BANC OF AMERICALEASING AND CAPITAL LLC v. FLETCHER THOMPSON INC

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Superior Court of New Jersey, Appellate Division.

BANC OF AMERICALEASING AND CAPITAL, LLC, Plaintiff–Respondent, v. FLETCHER–THOMPSON INC., Michael Marcineck and Kurt Baur, jointly and severally, Defendants–Appellants.

DOCKET NO. A–0848–16T4

    Decided: January 02, 2018

Before Judges Fuentes, Koblitz and Manahan.Paul F. Campano argued the cause for appellants (Curcio Mirzaian Sirot, LLC, attorneys;  Paul F. Campano, of counsel;  Jessica A. Tracy, on the brief). Michael Korik argued the cause for respondent (Law Offices of Charles A. Gruen, attorneys;  Charles A. Gruen, of counsel and on the brief;  Michael Korik, on the brief).

The opinion of the court was delivered by

Defendant Kurt Baur and his wife Kristi Baur 1 appeal from a September 16, 2016 order denying Kurt and Kristi's motion to vacate a bank levy and from a September 26, 2016 order granting plaintiff Banc of America Leasing & Capital, LLC's (BOA) motion to turn over the funds in a joint account in the names of Kurt and Kristi. Kristi is neither a judgment debtor nor a party to the underlying debt.2 We reverse because the court did not require BOA to demonstrate that the funds levied belonged to Kurt alone.

BOA obtained a default judgment in the State of Michigan on July 15, 2015, in the sum of $361,093.47, plus interest, against defendants Fletcher–Thompson Inc. (F–T), Kurt, and Michael Marcineck pursuant to a lease between BOA and F–T, guaranteed by Kurt and Marcineck. BOA domesticated and registered the Michigan judgment in New Jersey in September 2015. A writ of execution for a bank levy was issued to the Mercer County Sheriff, who served it on PNC Bank. The levy froze the funds of a joint account held in both Kurt and Kristi's names in the amount of $20,523.83 in January 2016. Kristi claims that the funds in the joint account are her personal property derived primarily from her pension, as well as her earnings and tax refunds.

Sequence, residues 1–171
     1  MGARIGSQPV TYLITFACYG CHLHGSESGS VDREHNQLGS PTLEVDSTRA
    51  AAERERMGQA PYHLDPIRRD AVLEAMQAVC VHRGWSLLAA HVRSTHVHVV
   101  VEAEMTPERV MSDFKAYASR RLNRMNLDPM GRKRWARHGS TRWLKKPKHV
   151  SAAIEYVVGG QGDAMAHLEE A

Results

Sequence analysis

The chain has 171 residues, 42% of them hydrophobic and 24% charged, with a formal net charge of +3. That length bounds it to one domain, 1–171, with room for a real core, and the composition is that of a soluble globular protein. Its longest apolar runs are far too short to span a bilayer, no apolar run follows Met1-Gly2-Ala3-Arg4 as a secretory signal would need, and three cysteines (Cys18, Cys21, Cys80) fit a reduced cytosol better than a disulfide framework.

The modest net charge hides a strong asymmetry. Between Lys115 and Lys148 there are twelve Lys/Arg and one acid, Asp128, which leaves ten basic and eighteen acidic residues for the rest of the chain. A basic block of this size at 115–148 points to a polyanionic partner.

BOA filed a motion for turnover of the levied funds, which both Kurt and Kristi opposed. Before the motion court ruled on the motion, however, BOA and defendants entered into a consent order.

The consent order states in pertinent part:

1. The funds levied from the bank account of the Defendant, Kurt Baur, at PNC Bank, in the amount of $20,523.83, shall be replaced by the Defendants, with other funds of the Defendants in the same amount (“replacement funds”), within thirty (30) days from the date hereof, by wire transfer ․ Upon receipt of the wire transfer, the levied funds shall be released by Plaintiff's counsel back to the Defendants. The levied funds shall remain frozen until Plaintiff's counsel has confirmed that the wire transfer of the replacement funds has been received ․

2. Defendants shall remit the sum of $25,000 per quarter ․ by wire transfer ․ until Plaintiff's Judgment is paid in full;  and

3. The Defendants shall also remit the sum of $6,000 per month, by wire transfer ․ commencing on May 1, 2016, also until Plaintiff's Judgment is paid in full;

Defendants defaulted on their agreement to make payments and BOA filed a new motion for turnover of the levied funds. Kurt and Kristi once again opposed the motion and filed a motion to vacate the levy, again claiming that the funds held in the joint account belonged exclusively to Kristi, and were primarily exempt pension payments.

Without allowing the requested oral argument, the motion court entered an order denying the Baurs's motion to vacate the levy and later granted BOA's motion for a turnover of the levied funds. The motion court wrote only the following in its September 26 order:

There was an agreement reached by the parties to avoid turnover of the funds. The terms of the agreement appear to have been breached and so turnover is granted. This motion was opposed by way of a cross-motion which was denied.

A turnover of funds held by a third party may proceed if the third party admits owing the funds to the judgment debtor. N.J.S.A. 2A:17–63 states: